#60 The Pogge (Agonus Cataphractus) Wildlife of the Solway

#60 The Pogge (Agonus Cataphractus) Wildlife of the Solway Firth

The Pogge or Hooknose is a very distinctive and easy to recognise small fish normally growing up to 10cm long but occasionally reaching 15 cm or more.  Overall colour is grey/brown with dark patches. It is not uncommon and is listed as a species of least concern by IUCN ( International Union for Conservation of Nature).

Irton Hall

Pogges frequent the inshore shallows of British coasts but retreat into deeper waters down to 250m during Winter months. It has a very characteristic upturned snout with an underside completely covered with a beard-like array of barbels. These assist in sensing food such as worms and small invertebrates in the muddy gravelly seabed.

It’s body is completely covered with bony plates ( it is alternatively named The Armoured Bullhead) which certainly give it some protection from predation but as a downside limit body flexibility. These fish are mature and breed in their second year, the female laying between 2-3,000 yellowish eggs in a clump at the base ( holdfasts) of kelp seaweed in early Spring.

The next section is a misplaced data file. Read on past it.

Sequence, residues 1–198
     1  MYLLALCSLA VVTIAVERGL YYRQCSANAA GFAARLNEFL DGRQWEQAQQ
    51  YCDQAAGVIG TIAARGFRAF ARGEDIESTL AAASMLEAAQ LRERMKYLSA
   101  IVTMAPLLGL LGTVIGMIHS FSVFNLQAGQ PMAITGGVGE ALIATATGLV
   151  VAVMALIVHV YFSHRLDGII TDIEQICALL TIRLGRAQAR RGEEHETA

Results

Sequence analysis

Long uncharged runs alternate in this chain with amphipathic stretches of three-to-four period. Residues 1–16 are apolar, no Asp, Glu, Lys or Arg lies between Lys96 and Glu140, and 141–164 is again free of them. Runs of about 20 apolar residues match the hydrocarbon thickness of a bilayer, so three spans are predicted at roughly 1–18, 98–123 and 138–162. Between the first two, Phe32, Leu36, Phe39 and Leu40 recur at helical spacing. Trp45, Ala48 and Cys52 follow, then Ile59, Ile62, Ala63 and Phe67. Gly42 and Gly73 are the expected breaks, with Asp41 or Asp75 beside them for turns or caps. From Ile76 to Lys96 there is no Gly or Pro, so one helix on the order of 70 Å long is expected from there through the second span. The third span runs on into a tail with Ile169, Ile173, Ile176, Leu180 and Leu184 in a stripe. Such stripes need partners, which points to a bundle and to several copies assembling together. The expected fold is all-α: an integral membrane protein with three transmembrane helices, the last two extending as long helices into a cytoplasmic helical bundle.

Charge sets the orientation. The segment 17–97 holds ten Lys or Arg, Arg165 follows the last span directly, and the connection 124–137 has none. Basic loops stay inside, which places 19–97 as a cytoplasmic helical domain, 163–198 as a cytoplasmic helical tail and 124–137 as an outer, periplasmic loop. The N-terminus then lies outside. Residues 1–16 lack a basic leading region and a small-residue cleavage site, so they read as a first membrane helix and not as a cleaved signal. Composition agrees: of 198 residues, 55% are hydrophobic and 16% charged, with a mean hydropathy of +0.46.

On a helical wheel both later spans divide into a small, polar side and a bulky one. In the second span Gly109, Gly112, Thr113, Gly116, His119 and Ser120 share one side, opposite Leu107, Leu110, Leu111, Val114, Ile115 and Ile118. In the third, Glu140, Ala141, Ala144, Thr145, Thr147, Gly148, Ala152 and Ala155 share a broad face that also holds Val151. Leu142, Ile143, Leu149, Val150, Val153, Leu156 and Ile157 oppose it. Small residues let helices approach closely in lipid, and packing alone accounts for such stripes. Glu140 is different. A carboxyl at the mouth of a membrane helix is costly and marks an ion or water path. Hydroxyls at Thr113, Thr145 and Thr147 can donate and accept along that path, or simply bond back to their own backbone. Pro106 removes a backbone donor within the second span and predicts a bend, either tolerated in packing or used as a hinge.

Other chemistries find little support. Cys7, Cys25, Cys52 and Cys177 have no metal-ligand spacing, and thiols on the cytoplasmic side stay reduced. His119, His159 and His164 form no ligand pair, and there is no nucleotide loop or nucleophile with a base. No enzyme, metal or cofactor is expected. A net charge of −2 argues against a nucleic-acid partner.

Hatching takes place almost a year later, just in time for the larval fish to take advantage of the early plankton bloom in surface waters where currents will also disperse the young far and wide to new habitats. We do occasionally have this fish on display at The lake District Coast Aquarium, Maryport, where it’s quirky features and habit of staying perfectly still for long periods make it a favourite for photographers.

To find out more about the remarkable work that the Lake District Coast Aquarium do click here or for an even better experience, visit them in person at on the Maryport Harbourside, South Quay, Maryport, CA15 8AB Longitude/Latitude 54.715112, -3.502742

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